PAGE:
What's the role of argumentation in critical thinking education

Why justifying our beliefs to each other is essential for learning to think critically.

Dave Kinkead Dave Kinkead Feb 17, 2020

Critical Thinking is a broad church. As an academic program, it draws from a wide range of disciplines including psychology, philosophy, and logic. All these areas are important - descriptive psychology gives us insight into our cognitive biases and heuristics, philosophy helps us understand the nature of truth and helps to understand what it means to be rational, and logic provides the tools for making valid inferences.

Yet amongst them, one area stands out as especially critical - argumentation.

When people hear the word argument, they often think of conflict. Within the thinking domains however, an argument is simply a connected series of statements used to establish definite proposition.

Argumentation then, is the study of how beliefs are justified via appropriate reasoning. It's a theory of rational persuasion whereby we can accept certain claims as true if they are backed by a cogent argument.

To understand why argumentation is so essential to critical thinking, we need to consider why we value critical thinking in the first place. A key objective in the application of critical thinking is to help ensure that our beliefs are warranted or justified. In other words, to ensure that our beliefs match reality or, in the absence of any way to confirm what the truth is, to stand confidently based on the quality of our reasoning.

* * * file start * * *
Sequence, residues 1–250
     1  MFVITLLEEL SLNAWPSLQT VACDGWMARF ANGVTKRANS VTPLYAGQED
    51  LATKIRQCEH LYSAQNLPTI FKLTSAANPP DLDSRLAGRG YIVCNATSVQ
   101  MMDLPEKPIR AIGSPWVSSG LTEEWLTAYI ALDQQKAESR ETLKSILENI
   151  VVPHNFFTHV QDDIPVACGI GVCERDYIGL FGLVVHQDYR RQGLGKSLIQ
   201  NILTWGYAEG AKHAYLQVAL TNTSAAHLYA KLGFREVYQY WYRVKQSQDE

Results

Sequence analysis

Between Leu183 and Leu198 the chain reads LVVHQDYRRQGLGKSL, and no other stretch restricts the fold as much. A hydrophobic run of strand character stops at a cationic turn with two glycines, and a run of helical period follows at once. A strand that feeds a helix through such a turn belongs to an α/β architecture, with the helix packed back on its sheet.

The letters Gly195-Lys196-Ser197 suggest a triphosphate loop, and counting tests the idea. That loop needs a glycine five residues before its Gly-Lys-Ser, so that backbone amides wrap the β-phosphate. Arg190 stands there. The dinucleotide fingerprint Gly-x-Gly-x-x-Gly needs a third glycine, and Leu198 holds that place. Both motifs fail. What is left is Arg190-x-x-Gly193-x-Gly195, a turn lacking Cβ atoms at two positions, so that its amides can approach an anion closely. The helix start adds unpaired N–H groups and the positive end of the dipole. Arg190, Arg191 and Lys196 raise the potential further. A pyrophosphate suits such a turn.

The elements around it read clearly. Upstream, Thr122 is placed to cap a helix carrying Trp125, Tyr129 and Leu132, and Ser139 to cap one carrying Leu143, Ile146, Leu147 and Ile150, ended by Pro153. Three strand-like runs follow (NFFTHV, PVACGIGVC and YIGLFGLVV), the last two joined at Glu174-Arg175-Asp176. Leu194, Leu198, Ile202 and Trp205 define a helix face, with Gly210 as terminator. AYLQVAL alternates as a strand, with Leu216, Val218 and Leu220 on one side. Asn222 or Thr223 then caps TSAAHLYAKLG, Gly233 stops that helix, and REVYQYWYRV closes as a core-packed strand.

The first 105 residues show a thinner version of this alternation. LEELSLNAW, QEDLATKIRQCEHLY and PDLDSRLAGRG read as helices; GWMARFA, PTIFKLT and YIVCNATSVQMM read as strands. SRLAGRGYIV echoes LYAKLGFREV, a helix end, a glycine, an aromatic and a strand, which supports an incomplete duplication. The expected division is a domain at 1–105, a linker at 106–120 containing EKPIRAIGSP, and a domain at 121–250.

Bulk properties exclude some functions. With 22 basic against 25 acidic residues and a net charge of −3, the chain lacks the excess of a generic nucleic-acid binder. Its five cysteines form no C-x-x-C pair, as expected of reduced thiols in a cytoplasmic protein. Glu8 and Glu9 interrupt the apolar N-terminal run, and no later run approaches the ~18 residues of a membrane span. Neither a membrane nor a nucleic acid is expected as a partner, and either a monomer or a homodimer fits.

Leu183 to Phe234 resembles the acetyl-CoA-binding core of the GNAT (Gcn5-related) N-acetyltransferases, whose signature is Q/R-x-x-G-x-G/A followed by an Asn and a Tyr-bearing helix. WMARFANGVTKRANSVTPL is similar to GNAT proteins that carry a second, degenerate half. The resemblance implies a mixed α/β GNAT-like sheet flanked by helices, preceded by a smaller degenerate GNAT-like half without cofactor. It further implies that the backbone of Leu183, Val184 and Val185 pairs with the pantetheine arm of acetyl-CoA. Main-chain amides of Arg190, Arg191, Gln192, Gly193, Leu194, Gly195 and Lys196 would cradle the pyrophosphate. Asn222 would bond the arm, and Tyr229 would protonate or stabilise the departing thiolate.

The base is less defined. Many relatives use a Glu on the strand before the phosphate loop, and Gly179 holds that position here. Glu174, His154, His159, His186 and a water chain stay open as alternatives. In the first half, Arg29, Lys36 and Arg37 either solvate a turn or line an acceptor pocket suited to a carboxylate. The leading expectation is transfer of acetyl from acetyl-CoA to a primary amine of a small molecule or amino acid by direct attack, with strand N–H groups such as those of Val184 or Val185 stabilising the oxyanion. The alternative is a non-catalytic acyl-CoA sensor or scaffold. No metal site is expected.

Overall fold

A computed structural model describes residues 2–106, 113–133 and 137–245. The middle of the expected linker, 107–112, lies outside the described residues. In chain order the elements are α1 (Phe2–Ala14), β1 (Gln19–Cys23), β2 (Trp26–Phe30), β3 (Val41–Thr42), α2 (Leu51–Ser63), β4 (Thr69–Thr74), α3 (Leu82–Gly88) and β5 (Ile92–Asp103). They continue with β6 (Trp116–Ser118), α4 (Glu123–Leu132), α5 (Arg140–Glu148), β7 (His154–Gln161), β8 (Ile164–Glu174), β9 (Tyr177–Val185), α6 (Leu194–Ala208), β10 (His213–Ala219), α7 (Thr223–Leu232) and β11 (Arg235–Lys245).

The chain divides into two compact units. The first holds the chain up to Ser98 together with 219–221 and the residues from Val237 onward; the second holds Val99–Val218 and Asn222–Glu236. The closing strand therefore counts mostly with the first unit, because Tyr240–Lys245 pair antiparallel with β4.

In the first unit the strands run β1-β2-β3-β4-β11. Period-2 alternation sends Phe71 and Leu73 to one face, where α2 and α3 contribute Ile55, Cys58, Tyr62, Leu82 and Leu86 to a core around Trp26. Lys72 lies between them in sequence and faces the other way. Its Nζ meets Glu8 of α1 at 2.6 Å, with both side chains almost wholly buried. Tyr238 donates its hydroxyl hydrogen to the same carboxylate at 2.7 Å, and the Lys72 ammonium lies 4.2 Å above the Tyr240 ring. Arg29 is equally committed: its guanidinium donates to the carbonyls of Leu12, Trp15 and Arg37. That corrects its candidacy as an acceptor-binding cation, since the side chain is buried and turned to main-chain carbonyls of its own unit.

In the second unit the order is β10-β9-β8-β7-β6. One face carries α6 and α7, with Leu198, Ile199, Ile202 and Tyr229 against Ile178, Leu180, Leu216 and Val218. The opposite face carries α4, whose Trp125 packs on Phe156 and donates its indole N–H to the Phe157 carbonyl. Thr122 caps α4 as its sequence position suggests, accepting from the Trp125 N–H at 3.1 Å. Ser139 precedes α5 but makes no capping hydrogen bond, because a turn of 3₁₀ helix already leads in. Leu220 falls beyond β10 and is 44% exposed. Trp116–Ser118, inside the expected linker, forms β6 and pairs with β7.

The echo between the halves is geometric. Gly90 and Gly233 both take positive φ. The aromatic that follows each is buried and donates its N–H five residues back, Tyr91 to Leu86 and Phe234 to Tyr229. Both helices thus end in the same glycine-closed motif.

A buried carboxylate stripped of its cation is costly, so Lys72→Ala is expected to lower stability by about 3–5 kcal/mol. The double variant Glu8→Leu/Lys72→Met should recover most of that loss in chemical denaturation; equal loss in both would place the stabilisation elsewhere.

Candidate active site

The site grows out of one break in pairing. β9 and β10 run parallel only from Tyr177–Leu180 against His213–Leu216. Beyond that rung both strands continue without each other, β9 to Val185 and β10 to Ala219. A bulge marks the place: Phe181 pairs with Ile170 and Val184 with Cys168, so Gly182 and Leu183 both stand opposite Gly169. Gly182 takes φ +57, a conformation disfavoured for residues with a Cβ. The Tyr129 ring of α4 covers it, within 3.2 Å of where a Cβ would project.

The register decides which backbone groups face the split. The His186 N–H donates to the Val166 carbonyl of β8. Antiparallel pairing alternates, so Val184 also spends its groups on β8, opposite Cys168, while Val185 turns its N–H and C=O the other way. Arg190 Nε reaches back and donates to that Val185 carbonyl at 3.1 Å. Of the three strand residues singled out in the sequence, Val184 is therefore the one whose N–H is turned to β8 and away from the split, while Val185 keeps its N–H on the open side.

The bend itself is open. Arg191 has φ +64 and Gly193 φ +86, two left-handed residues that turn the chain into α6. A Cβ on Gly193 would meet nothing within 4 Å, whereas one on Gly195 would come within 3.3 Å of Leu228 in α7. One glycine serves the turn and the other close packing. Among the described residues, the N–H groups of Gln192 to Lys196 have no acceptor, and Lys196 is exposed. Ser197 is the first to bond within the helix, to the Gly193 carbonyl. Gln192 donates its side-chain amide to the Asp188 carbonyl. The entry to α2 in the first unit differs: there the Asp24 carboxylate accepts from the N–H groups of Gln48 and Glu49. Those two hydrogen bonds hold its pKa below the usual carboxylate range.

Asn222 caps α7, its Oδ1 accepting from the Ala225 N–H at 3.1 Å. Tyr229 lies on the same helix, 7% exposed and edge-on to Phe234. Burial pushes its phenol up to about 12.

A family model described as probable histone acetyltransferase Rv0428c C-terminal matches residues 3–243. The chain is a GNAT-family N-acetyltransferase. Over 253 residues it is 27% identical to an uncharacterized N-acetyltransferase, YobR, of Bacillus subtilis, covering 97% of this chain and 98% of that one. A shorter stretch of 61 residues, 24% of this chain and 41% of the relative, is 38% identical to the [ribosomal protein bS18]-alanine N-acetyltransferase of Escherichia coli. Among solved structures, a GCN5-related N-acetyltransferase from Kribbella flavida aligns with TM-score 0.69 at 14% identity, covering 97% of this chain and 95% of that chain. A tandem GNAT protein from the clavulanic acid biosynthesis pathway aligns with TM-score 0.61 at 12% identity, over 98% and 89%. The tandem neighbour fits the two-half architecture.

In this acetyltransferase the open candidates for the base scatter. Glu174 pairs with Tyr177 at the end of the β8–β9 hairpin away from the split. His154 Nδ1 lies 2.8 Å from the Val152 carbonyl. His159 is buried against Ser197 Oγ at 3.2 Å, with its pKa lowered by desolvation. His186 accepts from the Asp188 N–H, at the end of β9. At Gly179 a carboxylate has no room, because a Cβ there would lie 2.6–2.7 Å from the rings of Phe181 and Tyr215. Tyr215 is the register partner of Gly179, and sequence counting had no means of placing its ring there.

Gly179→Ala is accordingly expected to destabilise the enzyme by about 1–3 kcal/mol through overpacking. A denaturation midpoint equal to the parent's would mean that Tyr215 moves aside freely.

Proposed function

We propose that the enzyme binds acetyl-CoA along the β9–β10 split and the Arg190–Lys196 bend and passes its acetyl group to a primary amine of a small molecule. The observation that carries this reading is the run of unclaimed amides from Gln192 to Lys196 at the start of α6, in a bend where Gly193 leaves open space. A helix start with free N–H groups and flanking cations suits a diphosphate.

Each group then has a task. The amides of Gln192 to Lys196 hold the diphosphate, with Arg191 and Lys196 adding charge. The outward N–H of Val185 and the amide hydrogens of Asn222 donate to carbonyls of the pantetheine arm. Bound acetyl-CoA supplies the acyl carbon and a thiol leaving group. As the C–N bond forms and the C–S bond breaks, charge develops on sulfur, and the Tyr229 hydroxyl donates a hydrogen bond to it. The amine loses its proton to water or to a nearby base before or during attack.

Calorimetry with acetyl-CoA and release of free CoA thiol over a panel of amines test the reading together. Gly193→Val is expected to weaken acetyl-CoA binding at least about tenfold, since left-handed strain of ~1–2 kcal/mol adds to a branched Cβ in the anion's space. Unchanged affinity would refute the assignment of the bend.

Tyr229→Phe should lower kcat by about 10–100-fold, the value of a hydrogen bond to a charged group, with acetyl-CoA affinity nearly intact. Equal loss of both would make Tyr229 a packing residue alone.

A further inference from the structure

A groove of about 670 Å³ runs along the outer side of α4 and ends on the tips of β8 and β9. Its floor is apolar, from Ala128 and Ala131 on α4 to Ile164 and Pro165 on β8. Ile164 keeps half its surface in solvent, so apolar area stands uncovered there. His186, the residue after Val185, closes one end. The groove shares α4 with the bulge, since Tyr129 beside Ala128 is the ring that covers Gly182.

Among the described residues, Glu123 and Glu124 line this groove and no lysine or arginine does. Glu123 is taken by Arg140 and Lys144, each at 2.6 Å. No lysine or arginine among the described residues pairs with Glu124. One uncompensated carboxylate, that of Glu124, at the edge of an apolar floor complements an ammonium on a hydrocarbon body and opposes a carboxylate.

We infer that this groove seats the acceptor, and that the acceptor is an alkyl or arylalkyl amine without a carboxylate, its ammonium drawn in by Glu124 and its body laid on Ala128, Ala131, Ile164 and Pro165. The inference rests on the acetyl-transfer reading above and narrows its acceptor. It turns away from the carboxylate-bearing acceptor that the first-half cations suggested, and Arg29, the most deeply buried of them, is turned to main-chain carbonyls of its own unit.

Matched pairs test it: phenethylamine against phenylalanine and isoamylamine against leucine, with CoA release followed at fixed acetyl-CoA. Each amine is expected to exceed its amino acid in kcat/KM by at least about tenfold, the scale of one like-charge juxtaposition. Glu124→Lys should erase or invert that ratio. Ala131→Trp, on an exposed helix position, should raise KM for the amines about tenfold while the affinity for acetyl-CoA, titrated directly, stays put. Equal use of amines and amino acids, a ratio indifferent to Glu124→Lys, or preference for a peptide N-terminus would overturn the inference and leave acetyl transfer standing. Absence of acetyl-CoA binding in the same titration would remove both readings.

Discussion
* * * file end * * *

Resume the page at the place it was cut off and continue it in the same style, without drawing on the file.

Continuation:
The account of what exactly justifies or warrants our beliefs comes from epistemology - the branch of philosophy that studies the nature of knowledge. So a useful way of thinking about critical thinking is as a form of applied epistemology.

Epistemology is a normative endeavour. This means it is concerned with how we should think, as opposed to a descriptive one like psychology which studies how we actually do think. It is epistemology that gives us the standards of rational inference, of testimony, and of evidence - the standards we need to answer questions like "how do I know this is true?" or "which theory is the most plausible?".

This normative component is essential because without it, we have no way of reconciling completing claims about what is or might be true. Without it, all we can do is contradict each other when we disagree.

And it's in reconciling of disagreement that we can start to see argumentation connect the dots between the different subjects that inform critical thinking. Argumentation links the normative aspect of epistemology with the social aspect of persuasion. It gives us the tools to persuade others (and be persuaded ourselves) based on cogent reasoning rather than the tone, tempo, or volume of the person making the claim.

Argumentation is what makes social cognition so effective.

Given all this, it becomes clear that the effectiveness of any program that aims to promote critical thinking will be severely limited if it doesn't explicitly focus on student cognition and the norms of good reasoning.

If improving the ability of your students to think critically is important, then it's essential to think and plan in the language of student cognition.